Thursday, September 4, 2014

Cinque Terre Day 2

Well our intent to get going nice and early sort of didn't happen, and we weren't out the door until 9:30. We headed over to Pasticcheria Laura for cafe latte and pastry. Unbeknownst to us this was a hot spot for the locals, and got packed 5 minutes after we arrived. McC had a slice of pastry that looked like it had berry filling but we discovered it was chocolate. I had a small fruit tart that had the lightest, sweetest crust I've ever had (Mom, please don't murder me for sayin that). We escaped the crush in the nick of time.
I remembered I didn't bring a scarf to visit the churches so we stopped at a shop next to our pensione. €10 for 100% cashmere? Yes please! We made our way down through Piazza Garibaldi and decided to check out the castello which sits on a high rocky promontory, ready to alert the town in case of Saracen pirate attacks. As we walked up the path I noticed another structure sitting below it, also looking out to sea. While I had seen it the night before I didn't truly understand what it was until just then. It was a German pillbox bunker leftover from WW2. Nearby La Spezia was a Nazi stronghold during the war, as it had a big port, but the Germans dotted the little villages up the coast from there with troops as defense from Allied attacks. The bunker was in great shape and I was amazed at being able to see something in real life that I had only seen in my grandfather's photos from the war.
After that we bought some train tickets and head to the next town south, which is Vernazza. Little Vernazza sits in a very steep canyon leading down to its little harbor.  The buildings are a rabbit warren of paths, tunnels and warped steps leading every which way. We did a little shopping and then ventured into those alleys, on our way up to the Castello Andrea Doria, which is a fortified building from the middle ages. The view from the tower and deck is amazing. You can see Monterosso on one side, and Corniglia on the other. Behind you climbing the steep canyons are the famous terraced vineyards of Cinque Terre where they grow the grapes for their wine. McC and I went in search of the outside deck for the wine tasting I had read about only we discovered it was closed on Wednesdays.  Damn! Some nice Korean ladies from Lake Arrowhead were lost in the pathways and followed us out. How random! We've met quite a few Americans here in Cinque Terre, which is sort of funny.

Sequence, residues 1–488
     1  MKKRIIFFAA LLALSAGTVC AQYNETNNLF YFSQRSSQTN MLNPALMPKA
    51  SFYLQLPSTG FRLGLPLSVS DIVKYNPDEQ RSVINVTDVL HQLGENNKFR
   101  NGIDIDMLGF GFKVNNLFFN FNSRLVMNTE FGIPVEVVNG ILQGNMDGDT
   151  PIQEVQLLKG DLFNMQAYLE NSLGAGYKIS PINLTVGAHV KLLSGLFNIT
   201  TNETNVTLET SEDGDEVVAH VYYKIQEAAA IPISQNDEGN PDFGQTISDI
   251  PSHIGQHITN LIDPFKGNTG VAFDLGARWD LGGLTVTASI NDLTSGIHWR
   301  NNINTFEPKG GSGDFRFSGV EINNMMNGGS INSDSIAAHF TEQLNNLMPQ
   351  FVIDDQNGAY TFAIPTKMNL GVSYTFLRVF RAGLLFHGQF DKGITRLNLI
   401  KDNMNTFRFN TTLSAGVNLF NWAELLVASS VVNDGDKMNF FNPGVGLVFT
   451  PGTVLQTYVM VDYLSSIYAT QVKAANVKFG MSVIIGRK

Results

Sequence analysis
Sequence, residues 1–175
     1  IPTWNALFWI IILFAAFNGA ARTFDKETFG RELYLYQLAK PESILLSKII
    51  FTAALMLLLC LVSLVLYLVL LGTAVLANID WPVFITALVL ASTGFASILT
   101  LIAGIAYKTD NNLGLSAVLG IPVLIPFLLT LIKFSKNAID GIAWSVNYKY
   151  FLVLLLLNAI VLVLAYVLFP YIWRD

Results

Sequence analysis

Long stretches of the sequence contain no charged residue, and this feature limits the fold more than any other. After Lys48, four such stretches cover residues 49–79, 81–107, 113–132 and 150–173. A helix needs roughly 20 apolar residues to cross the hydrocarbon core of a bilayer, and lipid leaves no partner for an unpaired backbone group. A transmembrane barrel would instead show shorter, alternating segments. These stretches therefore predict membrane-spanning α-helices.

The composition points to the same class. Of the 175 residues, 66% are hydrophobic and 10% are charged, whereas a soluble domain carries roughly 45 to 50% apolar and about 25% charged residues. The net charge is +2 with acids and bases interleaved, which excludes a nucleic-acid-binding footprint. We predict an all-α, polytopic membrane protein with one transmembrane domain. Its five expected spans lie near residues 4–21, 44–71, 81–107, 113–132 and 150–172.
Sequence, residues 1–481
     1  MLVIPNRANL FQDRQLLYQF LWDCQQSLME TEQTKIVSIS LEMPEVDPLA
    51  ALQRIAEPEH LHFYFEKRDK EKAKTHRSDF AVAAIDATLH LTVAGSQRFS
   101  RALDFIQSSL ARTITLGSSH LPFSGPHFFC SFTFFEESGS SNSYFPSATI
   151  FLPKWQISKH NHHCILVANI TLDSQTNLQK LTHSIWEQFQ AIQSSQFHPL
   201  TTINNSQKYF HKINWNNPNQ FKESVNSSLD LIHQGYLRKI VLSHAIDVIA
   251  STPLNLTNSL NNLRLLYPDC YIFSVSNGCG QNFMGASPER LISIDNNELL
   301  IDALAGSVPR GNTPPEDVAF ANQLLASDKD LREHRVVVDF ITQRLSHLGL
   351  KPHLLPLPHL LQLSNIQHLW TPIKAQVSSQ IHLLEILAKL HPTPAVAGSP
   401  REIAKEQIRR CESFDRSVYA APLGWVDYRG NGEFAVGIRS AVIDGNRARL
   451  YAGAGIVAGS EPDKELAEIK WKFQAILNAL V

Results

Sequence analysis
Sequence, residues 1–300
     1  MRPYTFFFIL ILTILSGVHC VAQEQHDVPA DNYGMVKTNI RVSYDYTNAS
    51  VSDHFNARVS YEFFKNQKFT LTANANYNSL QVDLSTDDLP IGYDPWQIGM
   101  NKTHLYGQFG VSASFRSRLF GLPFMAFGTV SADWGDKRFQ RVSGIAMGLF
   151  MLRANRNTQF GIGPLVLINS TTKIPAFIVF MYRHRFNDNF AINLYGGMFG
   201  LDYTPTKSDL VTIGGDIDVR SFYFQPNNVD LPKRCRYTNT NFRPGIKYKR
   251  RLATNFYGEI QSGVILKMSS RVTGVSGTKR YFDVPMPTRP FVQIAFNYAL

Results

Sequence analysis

We decided to check out the church of Santa Margherita de Antiochi which was built in the 13th century. Its a very dim church, simple on the inside with very thick walls and highly place windows. I imagine they probably hid all their wealth so as not to be a target for pirates. McC and I started getting hungry by then so we went in search of lunch. We ended up at a tiny enoteca, with some foccacine (sandwiches made from foccacia, which was "invented" in Cinque Terre) and wine. Perfect light meal. I really wanted some gelato so I bought una coppa piccola with chocolate and raspberry.  Omg it was good. There is nothing like gelato made in italy, I don't care what anyone tells you! McC and I were bummed about the wine tasting but we found another place to do it and walked right in. The Cinque Terre is known for their white wines but also for a specific dessert wine called Schiaccetrá. Its fairly strong and served in small glasses. To me its has this honeyed texture and even tastes like honey with almost no aftertaste. They serve it with cantucci, which are little almond cookies sort of like biscotti. I was a bit buzzed after that so we decided to go back to Monterosso and chill out.
Once we got back we wanted to check out this sculpture of Neptune clled Il Gigante. It was made in 1910 but the Allied bombing raids on the Germans in the area wrecked it pretty bad so he's missing his arms and the giant shell he used to carry. The main body is still intact and is magnificent in scale, even from as far back as we were standing. We met a nice older lady from La Jolla who was by herself and strolled with us for a bit. We checked out this restaurant called Miky which is #1 in a lot of guidebooks and on TripAdvisor. I made us a reservation for that night for dinner.
We decided if we were going to have one expensive dinner then Miky would be it. And holy cow it was worth it! This area is known for its seafood so I decided to step out of my box and order the stuffed anchovies. SO GOOD! We also ordered spaghetti with monkfish and olives (which they set on fire at our table), yellowfin tuna and filetto piemontese. For dessert it was tort ciok con banana carmellato. Its safe to say we were in a food coma after that. The 20 minute walk back to our hotel was needed to work off some of the food and I fell into bed like a sack of potatoes. Tomorrow we leave for Genova on the next phase of our trip.

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